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Legal Battle for Police Misconduct Records Continues in S.F. and Ventura County

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A state appeals court denied the attorney general's bid to block access the state maintains on local police departments, but the appeal could be renewed in the coming weeks. The Ventura County public defender also filed an appeal related to the state's new police transparency law. (iStock/Getty Images)

A California appeals court denied on Friday Attorney General Xavier Becerra’s bid to withhold police misconduct and shooting files the state maintains on local police and sheriffs, finding the move was premature but could be refiled in the coming weeks.

The State Attorney General’s Office argued in its July 2 appeal that a new state transparency law — opening access to records of sexual assault, dishonesty and serious use of force by California peace officers — should only require release of cases from officers’ employing agencies.

The case began early in the year with complaints filed by the First Amendment Coalition and KQED against the attorney general in a San Francisco court, arguing that the office should provide all the responsive files it possesses.

In May, a San Francisco Superior Court judge ruled in favor of the First Amendment Coalition and KQED and ordered the Attorney General’s Office to negotiate a schedule for producing documents.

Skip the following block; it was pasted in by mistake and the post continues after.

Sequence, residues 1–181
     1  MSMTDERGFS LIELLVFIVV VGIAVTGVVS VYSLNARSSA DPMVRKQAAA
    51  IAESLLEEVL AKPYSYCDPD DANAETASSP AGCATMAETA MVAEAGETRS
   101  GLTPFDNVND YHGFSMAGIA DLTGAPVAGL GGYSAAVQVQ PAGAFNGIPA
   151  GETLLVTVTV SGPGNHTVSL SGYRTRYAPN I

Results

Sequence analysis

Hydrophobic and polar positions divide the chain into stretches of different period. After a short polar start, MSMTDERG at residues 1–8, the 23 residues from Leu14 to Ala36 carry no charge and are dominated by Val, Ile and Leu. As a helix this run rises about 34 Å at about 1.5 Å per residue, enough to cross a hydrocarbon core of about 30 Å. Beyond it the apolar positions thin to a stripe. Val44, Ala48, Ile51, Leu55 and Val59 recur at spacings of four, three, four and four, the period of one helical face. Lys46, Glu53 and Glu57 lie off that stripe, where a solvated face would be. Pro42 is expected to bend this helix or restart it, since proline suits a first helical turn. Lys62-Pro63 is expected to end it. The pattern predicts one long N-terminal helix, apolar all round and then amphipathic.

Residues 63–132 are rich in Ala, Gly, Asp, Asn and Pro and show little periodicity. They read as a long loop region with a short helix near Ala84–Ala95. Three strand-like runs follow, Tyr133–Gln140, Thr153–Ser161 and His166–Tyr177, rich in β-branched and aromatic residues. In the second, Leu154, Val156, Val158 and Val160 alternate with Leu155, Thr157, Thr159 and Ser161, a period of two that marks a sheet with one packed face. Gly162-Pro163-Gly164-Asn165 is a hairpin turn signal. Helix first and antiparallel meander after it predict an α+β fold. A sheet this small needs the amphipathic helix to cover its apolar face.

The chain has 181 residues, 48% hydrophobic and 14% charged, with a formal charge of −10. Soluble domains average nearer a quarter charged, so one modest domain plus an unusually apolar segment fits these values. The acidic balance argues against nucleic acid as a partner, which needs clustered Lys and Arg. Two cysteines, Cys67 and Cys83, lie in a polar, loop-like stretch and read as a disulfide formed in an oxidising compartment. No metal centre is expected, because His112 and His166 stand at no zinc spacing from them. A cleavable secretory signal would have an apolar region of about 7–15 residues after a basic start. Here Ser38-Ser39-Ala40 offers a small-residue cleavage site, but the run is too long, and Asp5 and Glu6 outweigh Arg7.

The state Department of Justice then provided records from two internal investigations involving former state agents. It has an unknown number of files on police shooting and misconduct cases concerning local departments that the attorney general is arguing should not be released.


The attorney general may renew his appeal, the appellate court's order issued Friday says, after the San Francisco court issues a formal ruling. The next hearing in that case is set for July 18.

Meanwhile, a state appeals court in Southern California has been asked to toss out a recent Ventura County ruling that blocked access to officer misconduct and shooting records created before 2019.

Ventura County Superior Court Judge Henry J. Walsh’s June 19 ruling is “a rogue outlier perpetuating an ongoing miscarriage of justice,” says a petition filed Friday by Ventura County Public Defender Todd Howeth.

Walsh’s decision that releasing pre-2019 records would constitute an illegal “retroactive” application of the new law was in contrast to decisions in several other trial courts around the state, as well as a published state appeals court opinion.

The public defender’s petition asks California’s 2nd District Court of Appeal to vacate Walsh’s ruling.

The filing argues that the ruling ignored precedent established earlier this year by a San Francisco-based appeals court. The March 12 opinion rejected identical arguments brought by law enforcement unions in Contra Costa County as “without merit.”

“Respondent court was not operating in a vacuum nor writing on a blank slate,” the public defender’s filing says. “The Ruling makes an embarrassing mockery of stare decisis (adherence to precedent) and is viewed as ‘disingenuous’ by the media, the legal community, and the general public who seek timely access to these records.”

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